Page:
Article by Maria Cristina Carratù. Published in Italian newspaper La Repubblica, Florence Edition, on October 8, 2013. Translated by Peter Luntz
Increasing numbers of letters and messages to Pope Francis are coming out of Tuscany (Italy). Among these, there is a letter from the gay Catholics of the Kairos group asking to be recognized as persons and not as a “category”. They invoke openness and dialog from the Catholic Church and recall that closure “always feeds homophobia.” Francis responded and also sent a blessing.
Pen and paper. Among the many revolutions of Pope Francis, phone calls to common people […] now see the addition of the “mail effect.” Everyday a mountain of letters are sent directly to the Pope at his residence in Santa Marta. These letter writers hope to avoid the ‘obstacles’ of the Roman Curia by reaching the Pope directly. Now some believe that it may have been one of these ‘messages in a bottle’ to inspire Bergoglio’s breakthrough about gays.
Last June, gay Catholics, headed up by the highly active Kairos group in Florence, wrote the Pope a letter. In the letter, gays and lesbians ask Francis to be recognized as persons and not as a ‘category’. They invoke openness and dialog from the Church, recalling that closure “always feeds homophobia.”
This was not the first letter they sent to a Pope. But Innocenzo Pontillo, one of the leaders of Kairos, said that “before there had never been even the slightest hint of a response.”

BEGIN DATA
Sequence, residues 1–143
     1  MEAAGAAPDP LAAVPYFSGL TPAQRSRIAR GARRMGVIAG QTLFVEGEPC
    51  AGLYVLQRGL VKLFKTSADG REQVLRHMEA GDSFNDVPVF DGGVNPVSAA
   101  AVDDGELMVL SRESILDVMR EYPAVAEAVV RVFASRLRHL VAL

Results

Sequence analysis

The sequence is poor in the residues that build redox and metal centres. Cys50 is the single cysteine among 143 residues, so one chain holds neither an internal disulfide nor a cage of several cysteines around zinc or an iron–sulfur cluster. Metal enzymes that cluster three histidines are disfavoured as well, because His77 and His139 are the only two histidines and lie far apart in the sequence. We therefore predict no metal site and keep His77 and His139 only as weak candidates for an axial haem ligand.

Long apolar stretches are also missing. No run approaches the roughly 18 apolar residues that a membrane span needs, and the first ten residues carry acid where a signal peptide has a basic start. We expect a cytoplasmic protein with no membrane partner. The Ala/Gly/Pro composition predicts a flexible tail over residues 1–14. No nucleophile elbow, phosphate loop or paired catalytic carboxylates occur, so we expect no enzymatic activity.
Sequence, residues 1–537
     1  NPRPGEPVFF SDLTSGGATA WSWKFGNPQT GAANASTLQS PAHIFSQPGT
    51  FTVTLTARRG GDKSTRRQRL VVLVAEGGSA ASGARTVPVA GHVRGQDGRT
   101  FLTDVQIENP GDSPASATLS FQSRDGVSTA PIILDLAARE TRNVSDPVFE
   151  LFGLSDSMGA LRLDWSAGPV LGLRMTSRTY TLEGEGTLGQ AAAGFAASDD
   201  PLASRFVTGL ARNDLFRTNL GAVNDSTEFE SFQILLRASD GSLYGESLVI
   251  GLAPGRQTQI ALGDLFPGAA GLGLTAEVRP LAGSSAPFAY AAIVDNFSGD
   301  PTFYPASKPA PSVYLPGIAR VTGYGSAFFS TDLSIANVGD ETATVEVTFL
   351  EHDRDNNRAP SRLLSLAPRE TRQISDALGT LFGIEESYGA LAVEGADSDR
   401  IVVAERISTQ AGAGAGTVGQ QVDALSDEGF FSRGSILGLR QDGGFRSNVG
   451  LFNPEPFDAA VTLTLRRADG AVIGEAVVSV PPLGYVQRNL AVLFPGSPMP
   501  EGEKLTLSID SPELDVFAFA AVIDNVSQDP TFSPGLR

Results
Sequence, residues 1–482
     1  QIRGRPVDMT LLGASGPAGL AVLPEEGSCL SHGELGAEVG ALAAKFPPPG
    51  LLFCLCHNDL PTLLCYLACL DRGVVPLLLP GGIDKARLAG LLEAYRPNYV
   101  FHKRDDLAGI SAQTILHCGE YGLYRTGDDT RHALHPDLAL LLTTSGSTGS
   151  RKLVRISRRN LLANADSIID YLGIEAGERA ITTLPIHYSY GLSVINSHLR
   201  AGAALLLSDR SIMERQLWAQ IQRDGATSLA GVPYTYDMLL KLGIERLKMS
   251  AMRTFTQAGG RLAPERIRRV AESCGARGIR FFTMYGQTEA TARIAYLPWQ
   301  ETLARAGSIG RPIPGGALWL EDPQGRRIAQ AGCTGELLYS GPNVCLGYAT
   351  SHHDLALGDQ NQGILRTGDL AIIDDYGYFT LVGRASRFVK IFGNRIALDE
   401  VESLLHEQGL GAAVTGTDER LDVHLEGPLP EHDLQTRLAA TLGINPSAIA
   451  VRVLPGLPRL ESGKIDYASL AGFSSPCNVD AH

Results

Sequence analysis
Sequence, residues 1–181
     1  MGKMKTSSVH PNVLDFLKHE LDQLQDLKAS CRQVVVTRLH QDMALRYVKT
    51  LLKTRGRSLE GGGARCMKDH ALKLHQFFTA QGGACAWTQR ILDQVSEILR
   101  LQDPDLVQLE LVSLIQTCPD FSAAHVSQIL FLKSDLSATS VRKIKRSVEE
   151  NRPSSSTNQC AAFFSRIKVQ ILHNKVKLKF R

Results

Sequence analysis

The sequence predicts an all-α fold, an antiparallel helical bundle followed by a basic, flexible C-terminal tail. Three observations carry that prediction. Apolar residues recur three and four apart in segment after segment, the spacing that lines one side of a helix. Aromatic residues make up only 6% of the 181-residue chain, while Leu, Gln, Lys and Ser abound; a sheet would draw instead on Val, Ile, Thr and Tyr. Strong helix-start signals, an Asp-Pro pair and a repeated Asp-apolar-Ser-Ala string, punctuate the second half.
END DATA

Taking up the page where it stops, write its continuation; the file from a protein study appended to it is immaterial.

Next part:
However, this time a response did come. A letter was sent from the Vatican Secretariat of State (the specific contents of the letters is private and only recently was it decided to share news of the exchange). Pontillo explains how the Vatican letter reveals that Pope Francis “highly appreciated much of what we wrote, calling our letter a gesture of ‘spontaneous confidence’.” He also appreciated “the way we expressed ourselves.”
That is not all. “The Pope assured us of his benedictory greeting. None of us had gone so far as to imagine anything of the sort,” said the Kairos representative. Pontillo recalled how the Archbishop of Florence, Giuseppe Betori, on the contrary, “has always refused merely to receive us, maintaining that, if he did, we would be legitimated as homosexuals.”
Now Pope Francis has gone so far as to send his blessing. One can only wonder if his comments regarding homosexuals (“Who am I to judge a gay person?” on his return flight from Rio de Janeiro, and his shocking words to Civiltà Cattolica: “When God looks upon a homosexual person, does He approve of their existence with affection or does He refuse and condemn them? One must always consider the person.”) might truly be due to this exchange of letters. […]